Does the order of names on a ballot affect vote choice?

Developed by Katie Brown in coordination with Josh Pasek.

Photo credit: Thinkstock

Photo credit: Thinkstock

American elections are traditionally held the first Tuesday in November. On this first Tuesday in November, we present a post on ballots in honor of elections.

Ballots list all candidates officially running for a given office so that voters can easily choose between them. But could the ordering of candidate names on a ballot change some voters’ choices?  A new study by Center for Political Studies (CPS) Faculty Associate and Assistant Professor of Communication Josh Pasek suggests just such a possibility.

Pasek studies the impact of new media and psychological processes on political attitudes, public opinion, and political behavior. In a forthcoming paper – with Daniel Schneider, Jon Krosnick, Alexander Tahk, Eyal Ophir, and Claire Milligan – Pasek considers the effect of ballot ordering on election results.

The study uses data from all California elections between 1976 and 2006. California randomizes the order of candidate names on ballots by district, creating a natural chance to test this question.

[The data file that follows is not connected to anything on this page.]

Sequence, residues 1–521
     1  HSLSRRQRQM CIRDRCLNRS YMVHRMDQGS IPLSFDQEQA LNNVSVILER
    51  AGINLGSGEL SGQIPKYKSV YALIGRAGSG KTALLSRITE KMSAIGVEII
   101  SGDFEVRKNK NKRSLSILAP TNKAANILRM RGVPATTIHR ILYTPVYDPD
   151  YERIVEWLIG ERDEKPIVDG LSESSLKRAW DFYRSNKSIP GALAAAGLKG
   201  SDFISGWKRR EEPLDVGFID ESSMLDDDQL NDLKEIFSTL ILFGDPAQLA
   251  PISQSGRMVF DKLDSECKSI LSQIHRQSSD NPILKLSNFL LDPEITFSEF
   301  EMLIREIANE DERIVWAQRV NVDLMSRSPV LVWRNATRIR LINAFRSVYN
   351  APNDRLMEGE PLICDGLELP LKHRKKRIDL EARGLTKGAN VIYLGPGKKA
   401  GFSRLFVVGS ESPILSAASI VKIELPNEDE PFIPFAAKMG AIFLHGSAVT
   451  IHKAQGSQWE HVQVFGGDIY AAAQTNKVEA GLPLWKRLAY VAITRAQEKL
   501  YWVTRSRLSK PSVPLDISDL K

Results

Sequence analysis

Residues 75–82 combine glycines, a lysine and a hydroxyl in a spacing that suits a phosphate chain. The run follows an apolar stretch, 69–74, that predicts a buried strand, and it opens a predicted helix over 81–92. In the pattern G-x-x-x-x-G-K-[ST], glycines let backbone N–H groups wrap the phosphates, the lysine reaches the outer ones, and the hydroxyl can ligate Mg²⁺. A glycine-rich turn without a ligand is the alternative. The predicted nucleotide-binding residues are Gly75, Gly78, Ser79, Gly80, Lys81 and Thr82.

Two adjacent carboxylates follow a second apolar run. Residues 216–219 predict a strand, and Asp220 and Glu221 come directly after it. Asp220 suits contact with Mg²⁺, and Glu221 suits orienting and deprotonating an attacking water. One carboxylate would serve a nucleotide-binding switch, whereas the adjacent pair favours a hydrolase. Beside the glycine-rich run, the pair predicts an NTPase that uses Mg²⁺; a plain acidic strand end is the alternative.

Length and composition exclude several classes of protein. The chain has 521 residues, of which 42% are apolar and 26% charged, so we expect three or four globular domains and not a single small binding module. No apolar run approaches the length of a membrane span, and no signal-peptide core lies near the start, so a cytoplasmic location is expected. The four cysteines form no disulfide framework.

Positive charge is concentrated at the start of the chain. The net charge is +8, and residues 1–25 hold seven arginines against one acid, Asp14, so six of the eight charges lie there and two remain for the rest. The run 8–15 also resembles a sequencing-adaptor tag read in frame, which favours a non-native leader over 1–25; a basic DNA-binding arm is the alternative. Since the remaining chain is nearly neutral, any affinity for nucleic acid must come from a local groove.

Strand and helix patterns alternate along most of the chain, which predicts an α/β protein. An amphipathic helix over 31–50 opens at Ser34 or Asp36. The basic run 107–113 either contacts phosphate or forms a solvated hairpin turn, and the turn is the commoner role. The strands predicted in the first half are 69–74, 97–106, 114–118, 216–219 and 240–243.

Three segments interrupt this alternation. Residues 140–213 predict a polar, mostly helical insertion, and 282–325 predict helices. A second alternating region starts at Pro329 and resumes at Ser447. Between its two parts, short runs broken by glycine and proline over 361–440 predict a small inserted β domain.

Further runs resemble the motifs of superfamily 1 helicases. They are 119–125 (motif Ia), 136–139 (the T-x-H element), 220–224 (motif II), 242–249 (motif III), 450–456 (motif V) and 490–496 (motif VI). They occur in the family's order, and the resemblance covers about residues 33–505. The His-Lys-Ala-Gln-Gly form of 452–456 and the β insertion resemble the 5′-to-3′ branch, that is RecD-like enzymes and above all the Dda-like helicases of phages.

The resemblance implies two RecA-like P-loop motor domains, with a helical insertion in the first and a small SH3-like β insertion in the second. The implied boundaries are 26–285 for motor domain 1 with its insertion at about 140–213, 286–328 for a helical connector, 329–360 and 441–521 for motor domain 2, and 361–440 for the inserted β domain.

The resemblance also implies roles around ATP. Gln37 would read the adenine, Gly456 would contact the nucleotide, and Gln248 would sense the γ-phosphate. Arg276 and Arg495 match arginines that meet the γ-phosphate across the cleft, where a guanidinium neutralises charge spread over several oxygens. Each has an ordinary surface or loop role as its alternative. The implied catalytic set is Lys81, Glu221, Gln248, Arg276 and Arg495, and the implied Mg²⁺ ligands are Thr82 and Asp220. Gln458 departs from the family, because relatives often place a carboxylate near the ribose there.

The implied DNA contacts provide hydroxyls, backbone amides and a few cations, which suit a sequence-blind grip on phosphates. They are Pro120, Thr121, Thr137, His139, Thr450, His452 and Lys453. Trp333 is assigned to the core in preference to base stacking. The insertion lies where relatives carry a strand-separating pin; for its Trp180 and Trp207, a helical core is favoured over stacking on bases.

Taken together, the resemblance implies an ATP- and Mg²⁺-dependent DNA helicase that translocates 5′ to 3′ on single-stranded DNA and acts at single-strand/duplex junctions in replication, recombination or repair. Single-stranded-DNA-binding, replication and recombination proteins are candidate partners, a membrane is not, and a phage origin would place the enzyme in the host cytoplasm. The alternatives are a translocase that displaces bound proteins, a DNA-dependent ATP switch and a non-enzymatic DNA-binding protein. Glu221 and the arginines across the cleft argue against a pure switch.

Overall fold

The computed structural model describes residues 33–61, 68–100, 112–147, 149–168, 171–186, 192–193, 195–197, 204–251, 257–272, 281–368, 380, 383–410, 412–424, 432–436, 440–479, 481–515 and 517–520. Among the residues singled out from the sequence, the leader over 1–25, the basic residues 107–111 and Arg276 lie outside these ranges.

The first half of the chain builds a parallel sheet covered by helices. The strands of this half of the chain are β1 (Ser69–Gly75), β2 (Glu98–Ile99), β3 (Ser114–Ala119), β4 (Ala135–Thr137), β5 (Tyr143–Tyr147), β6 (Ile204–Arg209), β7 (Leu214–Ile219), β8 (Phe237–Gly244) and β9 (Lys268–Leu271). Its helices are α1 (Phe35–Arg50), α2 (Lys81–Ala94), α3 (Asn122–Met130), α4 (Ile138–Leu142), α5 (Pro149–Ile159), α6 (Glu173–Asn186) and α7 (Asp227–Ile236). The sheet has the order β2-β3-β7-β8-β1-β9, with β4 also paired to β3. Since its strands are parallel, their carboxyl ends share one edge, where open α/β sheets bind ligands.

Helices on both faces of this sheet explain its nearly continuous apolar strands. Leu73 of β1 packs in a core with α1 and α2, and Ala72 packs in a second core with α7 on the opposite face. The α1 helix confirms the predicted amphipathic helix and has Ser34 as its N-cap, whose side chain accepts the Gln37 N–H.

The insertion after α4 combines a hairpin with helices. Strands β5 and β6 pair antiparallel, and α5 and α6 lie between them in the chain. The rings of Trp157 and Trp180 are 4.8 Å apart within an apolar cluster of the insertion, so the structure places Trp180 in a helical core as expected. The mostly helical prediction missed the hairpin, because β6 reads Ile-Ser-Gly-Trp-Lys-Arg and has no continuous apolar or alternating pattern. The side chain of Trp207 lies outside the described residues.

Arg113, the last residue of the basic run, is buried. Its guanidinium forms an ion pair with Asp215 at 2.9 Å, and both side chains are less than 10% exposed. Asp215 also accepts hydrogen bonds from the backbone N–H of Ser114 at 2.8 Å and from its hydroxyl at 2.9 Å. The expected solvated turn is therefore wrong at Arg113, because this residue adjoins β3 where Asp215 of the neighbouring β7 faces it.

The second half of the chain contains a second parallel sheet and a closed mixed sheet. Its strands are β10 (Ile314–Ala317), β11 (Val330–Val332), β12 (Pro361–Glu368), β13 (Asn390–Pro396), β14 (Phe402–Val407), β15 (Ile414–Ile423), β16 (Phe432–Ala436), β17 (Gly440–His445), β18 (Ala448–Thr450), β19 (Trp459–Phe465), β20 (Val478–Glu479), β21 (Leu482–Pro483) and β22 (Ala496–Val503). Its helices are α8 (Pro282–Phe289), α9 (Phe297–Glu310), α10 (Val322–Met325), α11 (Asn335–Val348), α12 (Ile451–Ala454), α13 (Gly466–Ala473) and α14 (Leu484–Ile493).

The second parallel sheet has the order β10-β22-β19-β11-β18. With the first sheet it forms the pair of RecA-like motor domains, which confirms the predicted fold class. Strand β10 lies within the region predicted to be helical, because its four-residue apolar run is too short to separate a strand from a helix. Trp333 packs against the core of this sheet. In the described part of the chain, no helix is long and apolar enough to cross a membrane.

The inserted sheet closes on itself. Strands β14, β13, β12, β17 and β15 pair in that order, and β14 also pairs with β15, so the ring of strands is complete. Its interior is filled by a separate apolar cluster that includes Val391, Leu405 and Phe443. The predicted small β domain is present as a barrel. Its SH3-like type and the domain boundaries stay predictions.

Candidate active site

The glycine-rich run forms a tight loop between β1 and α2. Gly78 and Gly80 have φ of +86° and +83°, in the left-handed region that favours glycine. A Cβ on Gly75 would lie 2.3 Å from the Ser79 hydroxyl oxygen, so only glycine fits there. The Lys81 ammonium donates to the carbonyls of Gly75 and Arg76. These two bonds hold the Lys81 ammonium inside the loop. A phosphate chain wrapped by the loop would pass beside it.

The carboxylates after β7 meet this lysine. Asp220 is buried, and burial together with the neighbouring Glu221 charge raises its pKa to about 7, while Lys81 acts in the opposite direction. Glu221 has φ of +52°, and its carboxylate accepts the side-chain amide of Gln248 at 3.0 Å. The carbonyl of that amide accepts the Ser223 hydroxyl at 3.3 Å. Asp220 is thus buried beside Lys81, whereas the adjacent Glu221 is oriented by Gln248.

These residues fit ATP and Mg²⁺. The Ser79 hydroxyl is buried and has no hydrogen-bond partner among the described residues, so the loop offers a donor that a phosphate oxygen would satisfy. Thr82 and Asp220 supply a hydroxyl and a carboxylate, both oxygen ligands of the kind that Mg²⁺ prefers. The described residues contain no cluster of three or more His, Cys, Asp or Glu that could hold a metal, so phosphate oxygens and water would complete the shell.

Pasek and his colleagues analyzed the data in a variety of ways. No matter the approach, candidates listed first on the ballot had a slight advantage. This effect was largest for races (1) with little publicity, (2) when more votes were cast, and (3) when there was a bigger win. These factors support the idea that name order may influence those with minimal information about or investment in the race.

The graphs at the bottom of this post show this advantage for contests with (a) five candidates, (b) four candidates, and (c) two candidates. The horizontal axis shows the position of each candidate on the ballot. The vertical axis shows how that candidate’s votes would be expected to change. As we can see, candidates tend to perform best when listed in the first position on the ballot and worse when listed farther down on the ballot, with the exception of the last spot on the ballot where there is a slight rebound.

Although the overall size of the effect is small, Pasek notes that the size of the effect is far greater than the margin of victory in many elections. For example, George W. Bush beat Al Gore by less than 0.009 percent (a few hundred votes out of six million cast) in Florida in the 2000 election for the President of the United States. Randomizing the order of names on a ballot may therefore be important for ensuring a fair, democratic process.

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